Sunday, January 13, 2008

The Biggest Problem with Libertarianism is the Belief in Individual Liberty

Michael Kinsley's op-ed on libertarians, as I understand it, makes that argument without really coming out and calling a spade a spade. Since he appreciates libertarians because we force people like him to "think everything through from scratch", I'd like for people like him to force themselves to think a little harder on a few points here.

Before I go on, I'm not exactly sure what he means by "extremely limited government". I suppose it's a matter of perspective but it's not helpful because while libertarians do believe in limits on government, the extent to which government has a role is always being debated internally and there are a diverse range of opinons. Therefore, to respond to Kinsley, I'll speak to my own views.

For those libertarians, like myself, who believe that states can be legitimate (not all states are), the basic argument for a state comes is written quite clearly in the Declaration of Independence: That to secure these rights, Governments are instituted among Men, deriving their just powers from the consent of the governed, — That whenever any Form of Government becomes destructive of these ends, it is the Right of the People to alter or to abolish it, and to institute new Government, laying its foundation on such principles and organizing its powers in such form, as to them shall seem most likely to effect their Safety and Happiness. Personally, I see the ideas of John Locke as opposed to an introduction to economics.

Second, he conflates the concept of externalties to Kip's Law. While I believe that government intervention to address certain negative externalities is acceptable (so long as a valid public purpose is being served - i.e. public health or safety), he decides what negative externalities are those society can live without and would then support appropriate legislation to remedy those externalities. The example he provides is his support for seat belt laws, although I would argue that the negative externalities in his example are not caused by not wear a seat belt of being killed in a traffic accident, but the traffic accident itself.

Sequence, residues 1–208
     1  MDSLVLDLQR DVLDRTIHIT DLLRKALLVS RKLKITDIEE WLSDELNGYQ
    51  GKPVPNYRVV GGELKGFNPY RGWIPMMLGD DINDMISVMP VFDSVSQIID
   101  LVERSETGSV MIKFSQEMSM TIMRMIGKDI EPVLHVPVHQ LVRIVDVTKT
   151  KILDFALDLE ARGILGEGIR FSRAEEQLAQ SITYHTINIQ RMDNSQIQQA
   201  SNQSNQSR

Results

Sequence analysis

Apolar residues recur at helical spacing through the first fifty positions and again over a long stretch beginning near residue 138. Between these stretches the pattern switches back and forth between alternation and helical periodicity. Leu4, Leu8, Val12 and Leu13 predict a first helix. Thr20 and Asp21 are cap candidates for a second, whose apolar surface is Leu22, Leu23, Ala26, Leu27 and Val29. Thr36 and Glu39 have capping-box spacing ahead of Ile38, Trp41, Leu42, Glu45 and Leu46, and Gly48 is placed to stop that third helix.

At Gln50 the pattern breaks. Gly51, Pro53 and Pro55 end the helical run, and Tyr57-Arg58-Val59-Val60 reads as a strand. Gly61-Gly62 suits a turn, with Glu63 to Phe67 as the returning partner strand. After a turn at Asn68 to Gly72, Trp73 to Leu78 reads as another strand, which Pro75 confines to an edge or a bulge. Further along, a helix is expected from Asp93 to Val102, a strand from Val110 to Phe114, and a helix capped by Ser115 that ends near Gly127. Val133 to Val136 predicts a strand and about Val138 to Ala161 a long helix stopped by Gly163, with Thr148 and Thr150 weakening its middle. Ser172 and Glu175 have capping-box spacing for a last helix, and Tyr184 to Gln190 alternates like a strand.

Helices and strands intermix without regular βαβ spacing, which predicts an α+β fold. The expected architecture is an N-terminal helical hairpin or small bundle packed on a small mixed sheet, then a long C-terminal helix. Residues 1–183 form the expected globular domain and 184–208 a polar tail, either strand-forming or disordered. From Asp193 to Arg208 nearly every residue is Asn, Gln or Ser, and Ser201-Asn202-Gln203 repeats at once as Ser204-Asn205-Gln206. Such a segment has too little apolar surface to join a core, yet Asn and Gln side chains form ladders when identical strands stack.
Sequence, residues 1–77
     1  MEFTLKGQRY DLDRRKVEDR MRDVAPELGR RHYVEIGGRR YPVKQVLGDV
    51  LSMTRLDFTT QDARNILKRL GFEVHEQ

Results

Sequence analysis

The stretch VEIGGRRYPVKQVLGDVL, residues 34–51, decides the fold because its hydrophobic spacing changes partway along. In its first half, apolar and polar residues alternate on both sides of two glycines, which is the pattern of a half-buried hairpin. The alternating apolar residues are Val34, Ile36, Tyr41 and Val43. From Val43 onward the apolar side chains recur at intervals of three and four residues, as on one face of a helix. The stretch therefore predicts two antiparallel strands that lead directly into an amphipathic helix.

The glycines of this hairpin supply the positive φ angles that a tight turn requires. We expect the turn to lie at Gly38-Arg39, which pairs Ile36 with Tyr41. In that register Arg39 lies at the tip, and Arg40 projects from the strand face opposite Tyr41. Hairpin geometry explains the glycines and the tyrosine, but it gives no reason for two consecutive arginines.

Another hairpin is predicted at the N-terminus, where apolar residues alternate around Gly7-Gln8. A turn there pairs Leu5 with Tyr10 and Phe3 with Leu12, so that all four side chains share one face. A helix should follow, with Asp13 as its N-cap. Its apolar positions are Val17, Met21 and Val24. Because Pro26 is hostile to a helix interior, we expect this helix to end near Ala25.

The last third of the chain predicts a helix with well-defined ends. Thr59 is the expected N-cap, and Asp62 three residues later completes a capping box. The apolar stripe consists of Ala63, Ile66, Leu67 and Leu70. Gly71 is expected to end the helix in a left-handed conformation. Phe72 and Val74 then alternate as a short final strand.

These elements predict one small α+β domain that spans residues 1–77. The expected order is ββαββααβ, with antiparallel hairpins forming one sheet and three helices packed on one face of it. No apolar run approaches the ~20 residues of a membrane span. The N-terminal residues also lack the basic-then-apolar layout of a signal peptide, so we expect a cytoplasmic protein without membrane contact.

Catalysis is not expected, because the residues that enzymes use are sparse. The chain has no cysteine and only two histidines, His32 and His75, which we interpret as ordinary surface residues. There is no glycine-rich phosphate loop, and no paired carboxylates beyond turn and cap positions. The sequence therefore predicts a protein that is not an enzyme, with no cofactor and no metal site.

Third, he is obviously a utilitarian because he chides us for having "a tendency to see too many issues in terms of property rights". One who views the notion of liberty from a moral (perhaps deontological) position, either rights exist or they do not and if rights exist, then they can not be violated by anyone under any circumstance. The proper role of government is to protect those rights, not to decide whether legislation will produce a net-net gain to society (see Kip's Law). This is not surprising given that he later claims, with respect to bans on unpasteurized milk, "[a]ll that is lost by letting the government take care of it is the right of a few idiots to be idiots. That right deserves respect. But not much. "

For Kinsley, the value of rights is wholly dependent on the amount of respect we should provide to them. Of course, who cares about a few idiots who want to drink unpasteurized milk. The rest of us aren't harmed by this regulation. Let's take it one step further: who cares if states enact gay marriage bans, most of us aren't harmed by it and society is better off if we don't allow gays to threaten the institution of marriage.

It is sheer and utter hypocrisy, yet unsurprising for liberals who view property rights only in terms of who they can have sex with and the ability to terminate pregnancies. I wonder if people who share his mindset realize how much in common they have with the sort of insolent, homophobic bigots they constantly criticize as far-right theocrats. Absurd.

Last, I hate to burst his bubble but his "classic libertarian fantasy", albeit not in the way he describes has taken to fruition in a couple of situations. Private investors paid a tidy sum in exchange for a leasehold interest for the Indiana Toll Road, subject to all sorts of terms and conditions. The Chicago Skyway is under a similar arrangement and several states have contemplated entering into leasehold arrangements or selling off minority interests in toll roads (i.e. The State of New Jersey has considered selling a 49% interest in the Turnpike). Sure, it's not privatized stoplights, but these arrangements are far closer to a free-market contractual arrangement then top-down command and control. Even if the Indiana example has a whole hosts of restrictions and covenants, the investors consented to them. I expect to see more of this kind of thing in the future.

In summary, our views are useful when he wants them to be. Property rights are useful except when they are not and libertarians are simply too stuck worshipping on the altar of Milton Friedman (although he should get a F- for mentioning Ron Paul) to see the good things government can do to increase the common good.

Other than that, it's not a bad op-ed piece. Maybe one rung above Kay Hymowitz on the "Critics of Libertarianism" ladder.

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